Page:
Long process of improving Chicago rivers continues

The City’s “Great Rivers Chicago” plan provides for a series of improvements in water quality, river access and recreational facilities completed by 2040.

By Metro Reporter

The city’s new project, “Great Rivers Chicago,” includes plans to make the Chicago, Calumet and Des Plaines rivers “inviting, productive and livable by 2040,” according to the project’s website.

The project, which started in March 2015, recently finished the planning stage and is beginning implementation, according to Margaret Frisbie, the executive director of Friends of the Chicago River, a partner in the project.

“We really want people to integrate the river as a natural resource, as a living resource that is recreational and a catalyst for community development,” said Frisbie. 

According to the project’s website, its goals include activities that draw people to the river, better water quality and quality transparency, easy access to rivers and new trails, environmentally friendly shoreline development, more natural parks,  pollution prevention and many others.  

The Metropolitan Planning Council, Friends of the Chicago River, Chicago Metropolitan Agency for Planning and the City of Chicago met with thousands of Chicagoans at more than 120 events to figure out what people want from the Chicago Rivers, said Booth.

“[Planning] was really a partnership,” said Mandy Burrell Booth, the communications director of the Metropolitan Planning Council, which led the project. “[The partners involved] were thinking about what the rivers are and what the rivers could be.”

Michael Forde, chairman of the Illinois International Port District who sat on the commission and has two ports on the Calumet River, said balancing commercial and recreational use was a guiding principle.

“I thought it was a very worthwhile project,” Ford said. “I actually live on the Chicago River, so I’m coming at it from two angles.”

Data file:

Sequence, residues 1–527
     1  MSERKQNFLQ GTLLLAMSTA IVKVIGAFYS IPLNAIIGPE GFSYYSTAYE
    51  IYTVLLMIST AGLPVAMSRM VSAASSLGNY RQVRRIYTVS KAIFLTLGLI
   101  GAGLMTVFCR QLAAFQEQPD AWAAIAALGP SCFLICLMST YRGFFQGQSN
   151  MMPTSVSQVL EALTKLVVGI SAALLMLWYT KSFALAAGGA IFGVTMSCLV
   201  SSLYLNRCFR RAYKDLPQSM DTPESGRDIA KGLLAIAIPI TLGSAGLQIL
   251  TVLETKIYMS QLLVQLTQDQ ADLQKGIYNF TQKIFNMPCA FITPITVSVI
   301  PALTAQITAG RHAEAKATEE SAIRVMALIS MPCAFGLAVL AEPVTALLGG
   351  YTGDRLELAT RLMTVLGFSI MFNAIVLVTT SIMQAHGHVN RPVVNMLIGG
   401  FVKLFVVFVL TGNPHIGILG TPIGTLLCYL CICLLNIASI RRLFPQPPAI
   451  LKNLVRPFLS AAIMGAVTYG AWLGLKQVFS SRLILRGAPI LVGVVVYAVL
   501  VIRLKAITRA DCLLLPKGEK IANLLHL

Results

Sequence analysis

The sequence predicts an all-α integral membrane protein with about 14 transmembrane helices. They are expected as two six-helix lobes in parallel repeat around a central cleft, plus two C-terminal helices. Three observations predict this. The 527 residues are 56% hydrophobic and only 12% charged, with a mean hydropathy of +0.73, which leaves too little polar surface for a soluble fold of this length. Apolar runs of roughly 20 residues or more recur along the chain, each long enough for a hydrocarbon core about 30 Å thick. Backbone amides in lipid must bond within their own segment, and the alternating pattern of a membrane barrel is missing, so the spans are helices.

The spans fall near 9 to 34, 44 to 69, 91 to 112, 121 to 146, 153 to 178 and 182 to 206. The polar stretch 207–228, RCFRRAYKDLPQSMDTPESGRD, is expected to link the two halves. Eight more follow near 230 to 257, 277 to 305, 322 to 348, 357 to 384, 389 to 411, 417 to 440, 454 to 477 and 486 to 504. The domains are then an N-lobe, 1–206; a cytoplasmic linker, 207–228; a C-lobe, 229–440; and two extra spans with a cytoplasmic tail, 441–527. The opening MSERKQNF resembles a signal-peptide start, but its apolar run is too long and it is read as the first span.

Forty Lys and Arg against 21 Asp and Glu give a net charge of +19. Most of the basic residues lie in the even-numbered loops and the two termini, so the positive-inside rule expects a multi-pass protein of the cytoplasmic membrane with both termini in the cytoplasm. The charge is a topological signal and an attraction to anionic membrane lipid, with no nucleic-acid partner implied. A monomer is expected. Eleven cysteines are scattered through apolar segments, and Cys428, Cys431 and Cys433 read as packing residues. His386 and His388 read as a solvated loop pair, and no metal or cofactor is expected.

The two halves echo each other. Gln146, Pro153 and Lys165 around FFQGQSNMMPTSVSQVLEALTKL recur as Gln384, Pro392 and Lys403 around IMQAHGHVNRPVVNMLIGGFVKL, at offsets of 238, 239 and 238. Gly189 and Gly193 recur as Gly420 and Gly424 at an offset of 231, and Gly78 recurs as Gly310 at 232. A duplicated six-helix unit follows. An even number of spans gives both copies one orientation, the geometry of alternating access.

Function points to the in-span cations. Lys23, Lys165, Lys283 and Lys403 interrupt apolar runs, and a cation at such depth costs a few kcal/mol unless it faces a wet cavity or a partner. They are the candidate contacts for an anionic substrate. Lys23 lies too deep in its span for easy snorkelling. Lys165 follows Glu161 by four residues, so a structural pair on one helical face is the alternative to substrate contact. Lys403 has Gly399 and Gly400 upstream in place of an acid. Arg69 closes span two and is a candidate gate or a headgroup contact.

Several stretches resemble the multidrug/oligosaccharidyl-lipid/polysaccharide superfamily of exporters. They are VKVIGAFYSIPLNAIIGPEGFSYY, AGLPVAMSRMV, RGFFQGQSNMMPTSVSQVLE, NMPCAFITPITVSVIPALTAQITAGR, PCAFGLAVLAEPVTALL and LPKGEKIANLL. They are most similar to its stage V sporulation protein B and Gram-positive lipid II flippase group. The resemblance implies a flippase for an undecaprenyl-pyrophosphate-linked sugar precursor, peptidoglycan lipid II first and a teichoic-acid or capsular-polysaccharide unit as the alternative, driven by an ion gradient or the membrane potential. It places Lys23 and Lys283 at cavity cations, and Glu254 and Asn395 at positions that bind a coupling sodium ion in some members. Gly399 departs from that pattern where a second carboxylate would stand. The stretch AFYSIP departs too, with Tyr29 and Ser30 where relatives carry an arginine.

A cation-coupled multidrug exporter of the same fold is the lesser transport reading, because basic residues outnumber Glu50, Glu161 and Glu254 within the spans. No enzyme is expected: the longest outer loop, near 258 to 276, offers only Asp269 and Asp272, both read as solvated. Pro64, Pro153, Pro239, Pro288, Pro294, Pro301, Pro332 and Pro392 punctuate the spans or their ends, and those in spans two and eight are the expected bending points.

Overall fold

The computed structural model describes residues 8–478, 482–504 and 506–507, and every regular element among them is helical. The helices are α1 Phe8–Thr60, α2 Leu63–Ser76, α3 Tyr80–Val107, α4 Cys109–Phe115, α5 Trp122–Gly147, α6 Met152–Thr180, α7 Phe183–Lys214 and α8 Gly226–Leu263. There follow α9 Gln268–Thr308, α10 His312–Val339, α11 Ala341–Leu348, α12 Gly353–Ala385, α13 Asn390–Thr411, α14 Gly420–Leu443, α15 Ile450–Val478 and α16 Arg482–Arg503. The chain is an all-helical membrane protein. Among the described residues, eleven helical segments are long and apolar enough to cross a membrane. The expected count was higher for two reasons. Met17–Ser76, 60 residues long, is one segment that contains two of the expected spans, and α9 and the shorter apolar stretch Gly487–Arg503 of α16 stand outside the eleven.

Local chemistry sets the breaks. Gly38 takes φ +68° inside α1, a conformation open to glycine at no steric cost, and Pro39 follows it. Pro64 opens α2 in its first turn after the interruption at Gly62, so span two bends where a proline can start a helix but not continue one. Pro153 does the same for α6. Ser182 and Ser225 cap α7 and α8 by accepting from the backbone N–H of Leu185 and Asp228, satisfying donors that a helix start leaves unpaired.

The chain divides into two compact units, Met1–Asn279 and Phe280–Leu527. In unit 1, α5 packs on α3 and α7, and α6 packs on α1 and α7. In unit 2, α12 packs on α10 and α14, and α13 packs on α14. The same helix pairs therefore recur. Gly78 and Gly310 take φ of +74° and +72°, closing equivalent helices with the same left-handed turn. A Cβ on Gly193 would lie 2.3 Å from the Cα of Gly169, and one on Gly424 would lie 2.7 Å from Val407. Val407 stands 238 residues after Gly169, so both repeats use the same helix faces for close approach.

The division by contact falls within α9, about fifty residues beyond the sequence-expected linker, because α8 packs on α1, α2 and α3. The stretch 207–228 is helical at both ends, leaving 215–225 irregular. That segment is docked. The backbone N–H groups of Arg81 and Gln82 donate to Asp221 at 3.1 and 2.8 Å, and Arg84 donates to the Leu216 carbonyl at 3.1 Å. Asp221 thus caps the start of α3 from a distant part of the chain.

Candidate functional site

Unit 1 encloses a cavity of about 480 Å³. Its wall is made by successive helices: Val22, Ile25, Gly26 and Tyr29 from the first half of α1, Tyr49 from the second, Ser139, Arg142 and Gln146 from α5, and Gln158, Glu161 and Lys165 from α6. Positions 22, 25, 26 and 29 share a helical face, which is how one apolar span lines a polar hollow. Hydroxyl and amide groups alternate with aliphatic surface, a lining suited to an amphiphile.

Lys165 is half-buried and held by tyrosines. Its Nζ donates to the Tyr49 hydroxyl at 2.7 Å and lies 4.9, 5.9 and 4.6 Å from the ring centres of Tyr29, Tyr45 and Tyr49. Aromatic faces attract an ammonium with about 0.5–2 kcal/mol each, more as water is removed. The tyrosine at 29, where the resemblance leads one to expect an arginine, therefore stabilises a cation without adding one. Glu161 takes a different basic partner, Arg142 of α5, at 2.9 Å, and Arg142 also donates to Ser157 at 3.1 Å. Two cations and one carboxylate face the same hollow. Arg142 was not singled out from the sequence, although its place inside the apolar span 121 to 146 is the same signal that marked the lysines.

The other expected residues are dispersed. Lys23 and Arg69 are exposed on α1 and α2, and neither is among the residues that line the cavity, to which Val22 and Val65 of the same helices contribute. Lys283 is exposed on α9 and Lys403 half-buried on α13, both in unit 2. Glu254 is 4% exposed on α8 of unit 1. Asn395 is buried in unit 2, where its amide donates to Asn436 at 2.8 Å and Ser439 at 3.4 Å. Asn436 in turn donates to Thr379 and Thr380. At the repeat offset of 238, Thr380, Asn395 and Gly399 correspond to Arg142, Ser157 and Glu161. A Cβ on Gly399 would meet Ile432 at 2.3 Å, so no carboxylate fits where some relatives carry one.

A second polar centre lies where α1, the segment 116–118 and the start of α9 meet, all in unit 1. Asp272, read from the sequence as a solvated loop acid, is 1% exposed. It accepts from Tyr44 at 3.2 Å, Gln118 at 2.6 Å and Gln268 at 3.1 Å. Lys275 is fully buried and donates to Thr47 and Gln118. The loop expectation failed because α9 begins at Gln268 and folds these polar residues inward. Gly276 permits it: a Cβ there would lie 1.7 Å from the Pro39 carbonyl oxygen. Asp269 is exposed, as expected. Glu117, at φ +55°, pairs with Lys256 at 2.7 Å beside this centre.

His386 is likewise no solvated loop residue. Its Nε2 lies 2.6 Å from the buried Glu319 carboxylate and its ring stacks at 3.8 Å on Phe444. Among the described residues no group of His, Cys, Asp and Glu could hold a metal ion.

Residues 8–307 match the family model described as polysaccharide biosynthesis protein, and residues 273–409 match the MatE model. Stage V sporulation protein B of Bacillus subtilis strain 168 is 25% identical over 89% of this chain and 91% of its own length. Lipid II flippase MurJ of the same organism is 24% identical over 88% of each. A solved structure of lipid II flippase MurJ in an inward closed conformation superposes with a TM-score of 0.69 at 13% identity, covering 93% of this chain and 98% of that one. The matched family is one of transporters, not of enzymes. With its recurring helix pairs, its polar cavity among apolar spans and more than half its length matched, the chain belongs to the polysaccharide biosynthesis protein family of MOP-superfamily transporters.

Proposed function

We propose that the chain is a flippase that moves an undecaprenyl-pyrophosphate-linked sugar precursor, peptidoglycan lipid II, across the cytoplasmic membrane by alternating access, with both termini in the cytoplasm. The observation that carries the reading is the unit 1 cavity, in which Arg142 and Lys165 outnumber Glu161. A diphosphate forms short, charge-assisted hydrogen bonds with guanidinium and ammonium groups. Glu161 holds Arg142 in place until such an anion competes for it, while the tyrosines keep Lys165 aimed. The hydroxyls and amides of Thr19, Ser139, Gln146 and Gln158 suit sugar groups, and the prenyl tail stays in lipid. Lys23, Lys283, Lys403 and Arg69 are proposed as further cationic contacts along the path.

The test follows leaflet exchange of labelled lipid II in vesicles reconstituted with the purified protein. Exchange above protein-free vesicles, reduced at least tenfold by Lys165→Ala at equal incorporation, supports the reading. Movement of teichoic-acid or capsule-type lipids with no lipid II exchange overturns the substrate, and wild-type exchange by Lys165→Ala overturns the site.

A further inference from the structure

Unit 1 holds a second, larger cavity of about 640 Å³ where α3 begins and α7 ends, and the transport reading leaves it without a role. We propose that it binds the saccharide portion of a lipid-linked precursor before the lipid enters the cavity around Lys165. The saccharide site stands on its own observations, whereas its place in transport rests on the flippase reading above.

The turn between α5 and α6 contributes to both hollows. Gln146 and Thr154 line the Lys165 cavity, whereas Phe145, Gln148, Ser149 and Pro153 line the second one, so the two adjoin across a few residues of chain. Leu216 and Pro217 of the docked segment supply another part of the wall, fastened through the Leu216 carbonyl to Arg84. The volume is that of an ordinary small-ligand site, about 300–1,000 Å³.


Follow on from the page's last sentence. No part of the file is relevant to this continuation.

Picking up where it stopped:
Commission member David Farren, executive director of the Gaylord and Dorothy Donnelley Foundation, described the group’s work as “holistic.”

“Even though [the foundation has] the particular mission [of land conservation], it only makes sense to approach all these objectives working with others with complementary missions,” Farren said. 

The mayor-appointed leadership commission met quarterly with the city to draft the plan for the rivers.

“We’re very excited that this project was completed and that so many people came to the table and expressed their excitement and support,” said Frisbie.

Moira Zellner, an associate professor at University of Illinois at Chicago’s Department of Urban Planning and Policy, said the new plan looks detailed and diverse. 

“[The planners] are thinking of a lot of very important dimensions, and that is what is critical in these kinds of big important plans,”

Zellner said. 

Yuji Arai, an associate professor of Natural Resources and Environmental Sciences at the University of Illinois at Urbana-Champaign, said he hopes the city can maintain the river’s current quality level as activity increases.

“If the city works hard to keep the rivers clean, people are less likely to litter or vandalize,” Arai said. “If trash starts to pile up, then people will be more likely to contribute to the mess.”

Frisbie said increased activity at the Chicago River will build support for keeping the river clean. 

“Bringing the river into the community and the community to the river improves the quality of life,” Frisbie said. “The Chicago River is a wild natural resource, and we want to make sure that we protect its wild nature.”